Linda Griffiths’ ALS regularly makes itself known in the form of something else she no longer is able to do.
She accepts the new life the disease has forced her into, but she won’t call it a death sentence. Not yet.
Less than a year ago, Griffiths, of Golden Valley, was diagnosed with amyotrophic lateral sclerosis, an incurable disease that attacks nerve cells in the brain and spinal cord, robbing patients of their ability to move and eventually, even to breathe. Most die within two to five years.
Griffiths’ body is deteriorating rapidly, and standard treatments have been limited to muscle relaxers and antidepressants, along with stretching routines and massages from her husband, Jim.
An experimental drug called GM604 has showed positive results in a small sampling of test patients, but has not yet been approved by the Food and Drug Administration. Griffiths, 56, says she is running out of time and would like to try it: “If I’m going to die from this disease, my feeling is, give me a chance, at least.”
Under the proposed Right to Try Act, patients like Griffiths who are diagnosed with terminal illnesses would gain easier access to drugs, procedures or medical devices that are still undergoing clinical trials. If the bill is approved by the Legislature, Minnesota would join five states in passing the Right to Try Act. An additional 26 states have introduced similar bills this year.
The movement started with the Goldwater Institute, a Phoenix-based conservative and libertarian think tank.
Under the bill, the medications still must pass the first and most exhaustive phase of FDA clinical trials, and patients must have a physician’s signoff.
Manufacturers are not obligated to supply any drug, treatment or procedure.
“At its core, it is a personal freedom and choice effort to allow patients who have been told they’ve exhausted all of their options with a terminal disease to try investigational medications,” said Craig Handzlik, state policy coordinator at the Goldwater Institute. “This allows patients to say ‘I know there are risks here, but I really want to try it, and the only definite outcome if I don’t try is death.’ ”
The government allows dying patients to take experimental drugs under what’s called “expanded access,” or “compassionate use.” But Right to Try advocates say the bureaucratic red tape and the waiting period of months and sometimes years often is longer than the patient’s life expectancy.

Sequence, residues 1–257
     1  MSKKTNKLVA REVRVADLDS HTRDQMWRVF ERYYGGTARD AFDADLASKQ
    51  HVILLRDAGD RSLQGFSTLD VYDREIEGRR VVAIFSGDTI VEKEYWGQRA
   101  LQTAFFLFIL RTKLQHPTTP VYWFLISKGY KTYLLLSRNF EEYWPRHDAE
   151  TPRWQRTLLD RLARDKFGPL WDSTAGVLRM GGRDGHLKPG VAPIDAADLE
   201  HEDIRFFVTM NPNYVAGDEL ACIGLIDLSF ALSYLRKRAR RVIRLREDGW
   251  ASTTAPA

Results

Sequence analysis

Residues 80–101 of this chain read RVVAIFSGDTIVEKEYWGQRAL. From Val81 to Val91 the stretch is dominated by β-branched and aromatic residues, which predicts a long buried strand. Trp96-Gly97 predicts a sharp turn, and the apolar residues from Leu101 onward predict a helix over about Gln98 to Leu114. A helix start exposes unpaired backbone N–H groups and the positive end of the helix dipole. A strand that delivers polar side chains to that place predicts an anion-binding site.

Not everyone favors greater access, even for terminal patients. Dr. Steven Miles, a bioethicist at the University of Minnesota, said the movement is merely an attempt at deregulation. The first phase of FDA testing, he said, is to determine whether the drug shows immediate toxicity. The second phase determines whether it actually works, while the third phase measures long-term harm and benefit. The end result could be patients desperate to try anything, regardless of whether it works. The same thing happened during the peak of the AIDS epidemic, Miles said.
“We can take down all the federal protections, but at what point do we want some oversight, or do we want this to become the Wild West of providers selling miracles?”
Although the bill defines terminal illness as “an advanced stage of a disease with a terminal prognosis and no known cure,” Miles is concerned that it isn’t more specific. Another key omission has him concerned.
“What happens to kids under this bill?” he said. “It’s not limited to adults; it essentially empowers parents to choose nonvalidated therapies for their kids.”
Cost of living vs. cost of dying
At a recent hearing, the bill’s House sponsor, Rep. Nick Zerwas, R-Elk River, assured Health and Human Services Committee members that the state, drug companies and doctors would bear no liability for whatever went wrong with experimental medications.